Perinatal programming of stress response and nociceptive mechanisms and the welfare consequences

Lead Research Organisation: University of Edinburgh
Department Name: Biomedical Sciences

Abstract

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Technical Summary

The project brings together experts in the study of behaviour, pain, genetics and welfare in farm animals, and experts in analysing pain and neuroendocrine stress mechanisms in laboratory rodents. The team will investigate the importance of adverse early life experience in `programming¿ exaggerated responses to pain and stress in adulthood in pigs, the mechanisms by which programming is expressed, and whether it can be over-written. Studies on several species, including humans, indicate that programming has wide-ranging deleterious health and quality of life consequences, attributable to re-setting responsiveness of the hypothalamo-pituitary-adrenal (HPA) stress axis and neuronal responsiveness to noxious stimuli in spinal cord. We will use two early life challenges relevant to modern pig-farming, social mixing of pregnant gilts (which is stressful, and as we have recently shown, programmes the offspring¿s HPA axis) and neonatal tail-docking (which is painful). We will study their effects, alone and together, on emotional behaviour, stress responses, and pain sensitivity of the female offspring as juveniles and adult sows. Quality of life methodologies will provide an integrated assessment of the effects of these early life experiences on pig welfare. The behaviour and welfare studies will be complemented by genetic analysis, stress hormone (salivary cortisol) measurement, and post-mortem studies of gene expression (quantitative in situ hybridisation) in the hypothalamus and limbic brain for mRNAs coding proteins proposed to regulate HPA axis and emotional and behavioural responses to stress. The project will provide new information about pain sensitivity after pre-natal stress and tail-docking, evaluating their long term consequences, and analyse expression of key genes involved in processing pain in the primary nociceptive relays in the spinal cord. The CNS gene expression studies will both provide quantitative markers to corroborate the whole animal studies, anindicate potential therapeutic targets for overwriting programming, or prevention by selective breeding. We will also investigate potential genetic markers of susceptibility to adverse programming by analysing the genetic basis of stress reactivity in a commercial pig breeding population, which may point the way to a programme of behavioural genetic selection. Complementary studies on laboratory rats will enable more detailed analysis of underlying mechanisms. To model the prenatal stress that programmes piglets, pregnant rats will be exposed to social defeat stress and both stress and pain responsiveness will be evaluated in the adult offspring. This will include, for stress, testing HPA axis responses to specific physical and emotional stressors, as well as measuring emotionality in a novel environment; measuring brain expression of CRH-related peptides, urocortins, and receptors which we considered important in stress responsivity. Pain sensitivity and gene expression patterns in the dorsal horn of the spinal cord will be compared with controls, especially considering proteins involved in NMDA receptor/complex-mediated synapses. As maternal HPA axis stress responses in pregnancy are naturally reduced by actions of neuroactive steroids (produced enzymatically in the brain from progesterone), the importance of this mechanism in protecting the fetuses will be tested by blocking synthesis (with finasteride) before stress to evaluate which offspring are more adversely affected. We will investigate whether neuroactive steroid (allopregnanolone) treatment reduces stress or pain responses of prenatally programmed rats. This will also be tested in pigs, to attempt to overwrite the adverse programming. These studies may identify selective targets that could potentially minimise early life adverse programming by means of either pharmacological/molecular or breeding plan intervention. Joint with BB/C/518965/1 and BB/C/518973/1.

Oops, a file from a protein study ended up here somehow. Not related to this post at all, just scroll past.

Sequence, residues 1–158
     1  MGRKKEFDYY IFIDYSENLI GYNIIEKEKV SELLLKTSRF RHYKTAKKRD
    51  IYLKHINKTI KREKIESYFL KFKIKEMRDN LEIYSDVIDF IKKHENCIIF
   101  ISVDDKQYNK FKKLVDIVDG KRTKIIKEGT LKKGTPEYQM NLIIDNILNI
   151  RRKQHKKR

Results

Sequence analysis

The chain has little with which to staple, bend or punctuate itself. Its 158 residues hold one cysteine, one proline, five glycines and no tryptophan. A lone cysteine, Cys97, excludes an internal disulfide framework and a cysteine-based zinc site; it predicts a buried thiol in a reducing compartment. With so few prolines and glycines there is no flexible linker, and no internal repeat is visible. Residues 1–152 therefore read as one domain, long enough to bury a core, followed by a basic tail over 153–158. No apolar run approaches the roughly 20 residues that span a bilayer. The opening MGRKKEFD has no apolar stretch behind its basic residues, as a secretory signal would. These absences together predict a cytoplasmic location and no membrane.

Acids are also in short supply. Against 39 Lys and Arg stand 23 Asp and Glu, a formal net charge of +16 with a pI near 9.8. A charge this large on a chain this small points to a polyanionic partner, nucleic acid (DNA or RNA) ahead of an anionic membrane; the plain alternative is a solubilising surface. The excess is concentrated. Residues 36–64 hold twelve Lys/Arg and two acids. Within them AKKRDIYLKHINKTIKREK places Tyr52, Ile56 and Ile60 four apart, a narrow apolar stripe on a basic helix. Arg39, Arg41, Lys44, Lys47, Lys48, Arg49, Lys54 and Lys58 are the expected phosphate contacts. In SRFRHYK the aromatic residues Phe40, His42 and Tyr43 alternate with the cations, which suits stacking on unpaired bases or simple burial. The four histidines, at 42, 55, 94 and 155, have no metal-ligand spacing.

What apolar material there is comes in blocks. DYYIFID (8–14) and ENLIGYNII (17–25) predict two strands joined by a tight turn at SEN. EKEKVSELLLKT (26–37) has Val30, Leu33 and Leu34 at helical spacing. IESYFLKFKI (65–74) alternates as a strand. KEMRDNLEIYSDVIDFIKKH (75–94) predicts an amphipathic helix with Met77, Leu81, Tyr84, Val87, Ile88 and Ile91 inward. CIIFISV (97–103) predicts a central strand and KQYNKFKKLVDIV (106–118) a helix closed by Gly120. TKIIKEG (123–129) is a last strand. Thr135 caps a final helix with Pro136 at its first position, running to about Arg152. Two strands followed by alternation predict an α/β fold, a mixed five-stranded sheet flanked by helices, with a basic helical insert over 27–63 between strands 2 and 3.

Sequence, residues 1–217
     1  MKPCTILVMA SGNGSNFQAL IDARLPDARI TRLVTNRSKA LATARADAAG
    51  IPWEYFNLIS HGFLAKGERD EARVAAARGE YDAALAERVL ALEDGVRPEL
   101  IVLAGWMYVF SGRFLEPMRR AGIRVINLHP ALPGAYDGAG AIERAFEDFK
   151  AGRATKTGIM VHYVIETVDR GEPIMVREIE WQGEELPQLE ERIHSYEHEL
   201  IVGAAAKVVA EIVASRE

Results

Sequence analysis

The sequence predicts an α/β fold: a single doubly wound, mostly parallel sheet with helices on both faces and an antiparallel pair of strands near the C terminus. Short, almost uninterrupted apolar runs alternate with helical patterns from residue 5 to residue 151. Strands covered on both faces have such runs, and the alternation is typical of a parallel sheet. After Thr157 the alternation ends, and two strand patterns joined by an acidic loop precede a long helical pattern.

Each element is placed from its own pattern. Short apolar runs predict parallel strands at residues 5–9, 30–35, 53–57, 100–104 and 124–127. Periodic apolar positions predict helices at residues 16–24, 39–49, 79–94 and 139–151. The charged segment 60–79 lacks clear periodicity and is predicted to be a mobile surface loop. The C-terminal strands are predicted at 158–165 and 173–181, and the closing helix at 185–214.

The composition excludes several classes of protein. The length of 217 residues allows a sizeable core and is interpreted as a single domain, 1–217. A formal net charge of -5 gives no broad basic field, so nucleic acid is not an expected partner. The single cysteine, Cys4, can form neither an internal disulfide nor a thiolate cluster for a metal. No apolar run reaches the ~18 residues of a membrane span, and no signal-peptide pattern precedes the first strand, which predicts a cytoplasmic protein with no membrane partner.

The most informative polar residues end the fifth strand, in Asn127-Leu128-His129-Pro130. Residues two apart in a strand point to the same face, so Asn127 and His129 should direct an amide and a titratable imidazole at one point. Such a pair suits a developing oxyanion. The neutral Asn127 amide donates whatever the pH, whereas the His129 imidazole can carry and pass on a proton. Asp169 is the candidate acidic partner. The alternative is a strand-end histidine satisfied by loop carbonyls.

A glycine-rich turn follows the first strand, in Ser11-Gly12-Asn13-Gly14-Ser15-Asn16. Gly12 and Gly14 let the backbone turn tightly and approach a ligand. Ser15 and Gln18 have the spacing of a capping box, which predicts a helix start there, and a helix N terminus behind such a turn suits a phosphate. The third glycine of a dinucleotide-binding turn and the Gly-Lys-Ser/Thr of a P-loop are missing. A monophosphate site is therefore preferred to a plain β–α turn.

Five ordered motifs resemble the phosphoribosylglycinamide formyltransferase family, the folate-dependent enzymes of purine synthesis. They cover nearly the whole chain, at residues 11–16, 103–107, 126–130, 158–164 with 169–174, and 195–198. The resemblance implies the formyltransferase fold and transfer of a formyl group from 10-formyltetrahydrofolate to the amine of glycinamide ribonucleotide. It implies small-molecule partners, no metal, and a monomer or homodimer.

Publications

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